There is going to be a fair amount of exposed or unpainted wood on this model so I thought I would give this technique a try utilizing what I had on hand which are my Liquitex Acrylic inks. I selected Burnt Umber, Burnt Sienna, Yellow Oxide and Carbon Black as my colors. I have used the umber and sienna for raw wood before so I was comfortable with these choices. The yellow looked like a close match to the Vallejo yellow wash in the picture but the carbon black ink is really, really black so I was a little hesitant with that.
An important thing to remember with the inks is you must use them on a primed surface. Straight plastic or, in my case, foamed PVC is definitely a hydrophobic and tends to make inks bead up and not adhere properly. So keep that in mind if you give this a try. I would think you would need a primed surface if you used the Vallejo washes as well.
On to the pictures
|I decided to start with the floor, its big and doesn't have any complicated corners to deal with.|
|Applied the Burnt Sienna, Same deal, splattered drops of it and brushed with the grain and over lapping areas of Burnt Umber|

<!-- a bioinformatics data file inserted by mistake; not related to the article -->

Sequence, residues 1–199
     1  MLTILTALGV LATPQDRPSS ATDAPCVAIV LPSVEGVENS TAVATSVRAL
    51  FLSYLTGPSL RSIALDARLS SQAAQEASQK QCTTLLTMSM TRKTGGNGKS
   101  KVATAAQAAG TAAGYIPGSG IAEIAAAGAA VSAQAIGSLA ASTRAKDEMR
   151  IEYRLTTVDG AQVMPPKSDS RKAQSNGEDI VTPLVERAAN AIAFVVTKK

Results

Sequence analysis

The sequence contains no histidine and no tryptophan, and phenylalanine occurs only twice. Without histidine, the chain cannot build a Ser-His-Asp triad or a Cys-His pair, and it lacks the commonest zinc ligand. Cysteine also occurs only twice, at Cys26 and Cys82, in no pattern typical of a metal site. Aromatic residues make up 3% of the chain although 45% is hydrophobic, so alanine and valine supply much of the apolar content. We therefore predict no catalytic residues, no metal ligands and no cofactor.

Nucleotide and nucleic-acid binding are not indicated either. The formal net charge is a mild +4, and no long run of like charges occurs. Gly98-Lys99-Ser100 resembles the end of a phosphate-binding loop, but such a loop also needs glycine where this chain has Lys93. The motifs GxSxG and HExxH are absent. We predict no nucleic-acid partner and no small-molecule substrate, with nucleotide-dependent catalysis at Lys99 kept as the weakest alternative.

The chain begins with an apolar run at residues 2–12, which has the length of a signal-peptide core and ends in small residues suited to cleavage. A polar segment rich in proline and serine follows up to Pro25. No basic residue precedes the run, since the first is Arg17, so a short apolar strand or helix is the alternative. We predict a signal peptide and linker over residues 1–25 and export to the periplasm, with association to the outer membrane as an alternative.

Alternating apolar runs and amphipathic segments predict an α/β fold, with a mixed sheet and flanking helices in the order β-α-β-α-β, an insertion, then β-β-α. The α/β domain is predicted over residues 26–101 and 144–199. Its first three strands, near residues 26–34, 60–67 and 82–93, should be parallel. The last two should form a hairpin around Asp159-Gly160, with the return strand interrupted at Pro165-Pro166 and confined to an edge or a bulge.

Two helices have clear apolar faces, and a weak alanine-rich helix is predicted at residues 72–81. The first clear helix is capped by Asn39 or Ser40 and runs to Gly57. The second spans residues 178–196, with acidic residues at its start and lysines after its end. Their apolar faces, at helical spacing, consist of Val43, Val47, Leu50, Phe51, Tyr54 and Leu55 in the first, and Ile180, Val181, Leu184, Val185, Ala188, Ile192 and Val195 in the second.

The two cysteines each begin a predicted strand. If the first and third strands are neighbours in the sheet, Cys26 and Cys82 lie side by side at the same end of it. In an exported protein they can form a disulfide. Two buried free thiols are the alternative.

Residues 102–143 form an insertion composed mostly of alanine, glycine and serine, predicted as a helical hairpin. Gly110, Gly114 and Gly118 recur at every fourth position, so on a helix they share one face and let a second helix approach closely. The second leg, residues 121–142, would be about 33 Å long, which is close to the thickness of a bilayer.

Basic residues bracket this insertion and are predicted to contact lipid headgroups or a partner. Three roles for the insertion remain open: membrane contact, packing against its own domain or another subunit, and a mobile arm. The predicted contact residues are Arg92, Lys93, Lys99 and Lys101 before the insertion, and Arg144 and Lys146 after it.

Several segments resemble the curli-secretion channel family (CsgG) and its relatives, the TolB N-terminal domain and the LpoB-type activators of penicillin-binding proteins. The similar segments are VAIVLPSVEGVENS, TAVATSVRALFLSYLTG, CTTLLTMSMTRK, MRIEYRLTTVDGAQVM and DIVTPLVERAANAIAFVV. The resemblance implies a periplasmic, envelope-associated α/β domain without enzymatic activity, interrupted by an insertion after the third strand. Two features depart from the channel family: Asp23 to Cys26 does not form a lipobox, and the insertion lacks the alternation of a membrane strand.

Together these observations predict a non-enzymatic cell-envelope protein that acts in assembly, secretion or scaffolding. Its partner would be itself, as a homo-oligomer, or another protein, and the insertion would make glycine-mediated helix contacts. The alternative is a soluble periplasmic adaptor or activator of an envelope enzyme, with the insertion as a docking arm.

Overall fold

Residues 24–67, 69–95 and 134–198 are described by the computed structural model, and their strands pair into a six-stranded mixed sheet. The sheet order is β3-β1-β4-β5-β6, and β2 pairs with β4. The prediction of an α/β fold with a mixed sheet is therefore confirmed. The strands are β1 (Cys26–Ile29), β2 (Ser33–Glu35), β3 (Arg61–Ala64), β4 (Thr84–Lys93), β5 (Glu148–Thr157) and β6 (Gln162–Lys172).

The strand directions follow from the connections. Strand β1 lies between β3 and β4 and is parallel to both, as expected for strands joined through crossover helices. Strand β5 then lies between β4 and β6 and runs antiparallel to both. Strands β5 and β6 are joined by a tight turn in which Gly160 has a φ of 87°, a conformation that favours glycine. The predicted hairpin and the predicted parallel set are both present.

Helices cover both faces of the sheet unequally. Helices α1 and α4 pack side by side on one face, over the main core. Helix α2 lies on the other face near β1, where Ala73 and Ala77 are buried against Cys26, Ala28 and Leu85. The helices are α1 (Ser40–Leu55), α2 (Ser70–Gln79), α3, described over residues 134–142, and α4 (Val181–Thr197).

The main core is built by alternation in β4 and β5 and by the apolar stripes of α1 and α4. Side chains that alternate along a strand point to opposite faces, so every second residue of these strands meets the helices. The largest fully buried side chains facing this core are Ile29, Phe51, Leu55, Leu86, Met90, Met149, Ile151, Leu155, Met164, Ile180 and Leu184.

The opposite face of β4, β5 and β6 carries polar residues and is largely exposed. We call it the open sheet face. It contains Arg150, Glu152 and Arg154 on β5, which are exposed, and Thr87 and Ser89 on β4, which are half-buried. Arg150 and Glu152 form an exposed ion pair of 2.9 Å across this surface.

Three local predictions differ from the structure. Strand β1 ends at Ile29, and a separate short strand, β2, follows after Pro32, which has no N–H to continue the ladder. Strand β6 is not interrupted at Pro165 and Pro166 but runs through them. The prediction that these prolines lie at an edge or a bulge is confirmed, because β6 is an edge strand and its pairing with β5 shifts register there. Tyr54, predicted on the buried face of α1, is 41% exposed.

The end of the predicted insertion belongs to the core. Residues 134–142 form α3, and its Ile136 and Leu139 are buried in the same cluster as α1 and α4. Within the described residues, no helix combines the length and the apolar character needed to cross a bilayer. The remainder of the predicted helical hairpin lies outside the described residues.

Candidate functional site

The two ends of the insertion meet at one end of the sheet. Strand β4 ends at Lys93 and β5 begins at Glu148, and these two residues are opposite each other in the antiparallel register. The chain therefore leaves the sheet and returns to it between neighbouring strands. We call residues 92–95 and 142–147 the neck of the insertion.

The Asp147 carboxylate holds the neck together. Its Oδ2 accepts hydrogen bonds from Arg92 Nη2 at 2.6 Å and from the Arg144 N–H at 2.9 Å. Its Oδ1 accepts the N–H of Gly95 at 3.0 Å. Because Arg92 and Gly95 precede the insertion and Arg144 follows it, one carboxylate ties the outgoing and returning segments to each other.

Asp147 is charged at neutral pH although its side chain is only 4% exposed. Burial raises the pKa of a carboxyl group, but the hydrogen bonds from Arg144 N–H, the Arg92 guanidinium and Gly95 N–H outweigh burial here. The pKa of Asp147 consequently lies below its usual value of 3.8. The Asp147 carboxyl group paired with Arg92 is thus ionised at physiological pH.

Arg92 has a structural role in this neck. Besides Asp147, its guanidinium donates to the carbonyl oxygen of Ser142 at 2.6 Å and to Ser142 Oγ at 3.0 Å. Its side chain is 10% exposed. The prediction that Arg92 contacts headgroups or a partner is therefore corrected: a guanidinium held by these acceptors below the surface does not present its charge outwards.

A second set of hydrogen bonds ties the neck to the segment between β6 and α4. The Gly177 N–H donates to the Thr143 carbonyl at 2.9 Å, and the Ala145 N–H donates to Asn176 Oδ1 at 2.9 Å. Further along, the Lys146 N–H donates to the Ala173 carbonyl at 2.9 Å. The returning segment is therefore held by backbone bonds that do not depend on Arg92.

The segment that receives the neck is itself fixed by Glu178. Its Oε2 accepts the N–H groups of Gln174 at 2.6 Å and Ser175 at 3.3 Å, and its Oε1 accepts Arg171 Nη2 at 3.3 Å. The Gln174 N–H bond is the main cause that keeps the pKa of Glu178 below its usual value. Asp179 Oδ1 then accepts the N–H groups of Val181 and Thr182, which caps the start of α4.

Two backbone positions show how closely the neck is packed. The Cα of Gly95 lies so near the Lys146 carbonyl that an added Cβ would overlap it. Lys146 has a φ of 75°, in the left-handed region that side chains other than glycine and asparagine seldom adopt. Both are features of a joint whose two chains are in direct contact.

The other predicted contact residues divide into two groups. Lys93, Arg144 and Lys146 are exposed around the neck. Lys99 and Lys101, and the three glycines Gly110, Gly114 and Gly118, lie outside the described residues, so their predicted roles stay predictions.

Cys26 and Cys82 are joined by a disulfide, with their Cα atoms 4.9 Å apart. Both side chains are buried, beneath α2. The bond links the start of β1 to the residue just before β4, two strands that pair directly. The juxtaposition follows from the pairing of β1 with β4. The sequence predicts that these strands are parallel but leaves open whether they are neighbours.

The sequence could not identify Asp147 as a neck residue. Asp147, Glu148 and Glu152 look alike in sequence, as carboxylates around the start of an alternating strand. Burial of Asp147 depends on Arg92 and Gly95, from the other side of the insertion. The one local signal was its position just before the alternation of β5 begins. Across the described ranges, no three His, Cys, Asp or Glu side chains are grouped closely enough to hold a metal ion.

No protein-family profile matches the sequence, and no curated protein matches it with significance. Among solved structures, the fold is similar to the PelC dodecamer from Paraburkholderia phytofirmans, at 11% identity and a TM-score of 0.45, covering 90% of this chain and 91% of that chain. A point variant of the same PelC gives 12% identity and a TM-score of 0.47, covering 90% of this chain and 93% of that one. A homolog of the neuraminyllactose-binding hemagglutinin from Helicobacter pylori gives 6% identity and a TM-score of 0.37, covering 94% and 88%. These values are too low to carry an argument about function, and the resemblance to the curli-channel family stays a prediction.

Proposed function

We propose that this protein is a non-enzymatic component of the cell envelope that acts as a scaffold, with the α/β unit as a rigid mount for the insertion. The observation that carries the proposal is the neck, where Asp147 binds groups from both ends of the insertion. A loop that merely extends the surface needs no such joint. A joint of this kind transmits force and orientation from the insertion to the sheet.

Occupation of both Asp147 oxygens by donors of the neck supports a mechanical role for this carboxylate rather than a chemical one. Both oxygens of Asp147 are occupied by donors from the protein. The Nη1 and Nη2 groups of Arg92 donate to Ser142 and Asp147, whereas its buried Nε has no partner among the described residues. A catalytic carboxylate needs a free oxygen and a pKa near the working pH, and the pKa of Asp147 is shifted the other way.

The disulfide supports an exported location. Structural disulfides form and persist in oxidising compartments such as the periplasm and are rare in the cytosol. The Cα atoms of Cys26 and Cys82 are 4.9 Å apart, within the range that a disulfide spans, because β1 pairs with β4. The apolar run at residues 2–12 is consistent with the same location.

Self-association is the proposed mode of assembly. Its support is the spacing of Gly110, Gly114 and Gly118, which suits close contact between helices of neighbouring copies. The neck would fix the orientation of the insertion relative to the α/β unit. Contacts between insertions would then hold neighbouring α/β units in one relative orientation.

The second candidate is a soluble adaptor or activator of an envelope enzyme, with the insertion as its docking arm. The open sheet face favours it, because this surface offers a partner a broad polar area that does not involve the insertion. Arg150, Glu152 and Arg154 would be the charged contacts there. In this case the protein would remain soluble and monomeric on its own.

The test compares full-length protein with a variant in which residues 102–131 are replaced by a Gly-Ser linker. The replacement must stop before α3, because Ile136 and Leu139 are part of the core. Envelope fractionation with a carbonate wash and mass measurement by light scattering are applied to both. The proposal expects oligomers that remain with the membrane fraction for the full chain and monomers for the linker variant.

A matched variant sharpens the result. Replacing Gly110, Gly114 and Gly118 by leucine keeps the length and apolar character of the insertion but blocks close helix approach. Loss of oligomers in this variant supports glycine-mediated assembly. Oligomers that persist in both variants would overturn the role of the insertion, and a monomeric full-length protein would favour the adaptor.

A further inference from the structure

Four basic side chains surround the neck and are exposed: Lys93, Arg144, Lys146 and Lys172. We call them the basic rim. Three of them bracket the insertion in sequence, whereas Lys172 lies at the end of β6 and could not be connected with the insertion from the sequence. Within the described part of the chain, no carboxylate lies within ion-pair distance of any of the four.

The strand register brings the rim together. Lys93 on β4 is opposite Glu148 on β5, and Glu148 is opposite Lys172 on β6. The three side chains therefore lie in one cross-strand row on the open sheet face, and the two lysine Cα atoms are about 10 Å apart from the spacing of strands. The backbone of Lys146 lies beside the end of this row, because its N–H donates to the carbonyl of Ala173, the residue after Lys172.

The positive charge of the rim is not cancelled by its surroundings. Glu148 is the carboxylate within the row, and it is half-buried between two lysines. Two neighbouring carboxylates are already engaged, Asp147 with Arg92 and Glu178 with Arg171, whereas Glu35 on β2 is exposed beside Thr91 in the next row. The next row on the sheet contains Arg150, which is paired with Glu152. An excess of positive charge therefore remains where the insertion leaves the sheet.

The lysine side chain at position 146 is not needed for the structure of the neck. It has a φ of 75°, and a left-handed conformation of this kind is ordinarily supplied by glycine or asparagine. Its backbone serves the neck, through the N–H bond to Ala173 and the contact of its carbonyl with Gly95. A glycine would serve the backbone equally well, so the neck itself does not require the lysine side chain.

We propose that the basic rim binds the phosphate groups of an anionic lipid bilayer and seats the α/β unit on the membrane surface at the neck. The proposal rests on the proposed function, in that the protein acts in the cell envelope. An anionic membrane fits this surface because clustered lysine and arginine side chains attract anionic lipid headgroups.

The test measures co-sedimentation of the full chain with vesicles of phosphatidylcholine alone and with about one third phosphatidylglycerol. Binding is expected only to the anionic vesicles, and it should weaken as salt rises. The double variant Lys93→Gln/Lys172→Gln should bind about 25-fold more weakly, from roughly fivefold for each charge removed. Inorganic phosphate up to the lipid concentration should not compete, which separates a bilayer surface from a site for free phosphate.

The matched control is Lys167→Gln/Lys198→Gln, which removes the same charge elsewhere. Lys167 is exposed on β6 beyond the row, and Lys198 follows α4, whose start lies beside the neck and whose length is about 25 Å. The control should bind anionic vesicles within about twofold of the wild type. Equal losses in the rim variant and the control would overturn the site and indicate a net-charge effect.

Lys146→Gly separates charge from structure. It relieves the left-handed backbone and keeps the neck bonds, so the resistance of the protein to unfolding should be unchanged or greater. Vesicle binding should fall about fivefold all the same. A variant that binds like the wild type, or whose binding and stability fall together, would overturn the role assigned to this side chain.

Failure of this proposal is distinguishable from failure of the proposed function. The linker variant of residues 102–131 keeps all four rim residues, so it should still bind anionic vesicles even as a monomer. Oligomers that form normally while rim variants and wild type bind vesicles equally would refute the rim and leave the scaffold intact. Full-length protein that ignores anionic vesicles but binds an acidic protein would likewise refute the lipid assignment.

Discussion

|Without adjusting the white balance you can start to see the build up of color, bringing character to the floor.|
|Here I have added the oxide yellow. Shifting the white balance really made this starker looking that it really is.|
|With the yellow and no white balance|
|Adding some more burnt umber|
|Adding the black and playing with the white balance|
|Not quite so stark|
|The two floors finished|
|Using burnt sienna on the wainscotting|
|Painting in the dark trim, BEFORE I add the wallpaper|
|Sealed up with a solid coat of Vallejo Matte Varnish.|
With the way the ink is splattered on and then brushed with the grain I think this technique will work to get the silvered old wood look on the exterior as well. On the other hand my old weathering technique of using the Scribbles black dye is still quite valid and now that I think about it there really isn't a lot of difference between the two techniques.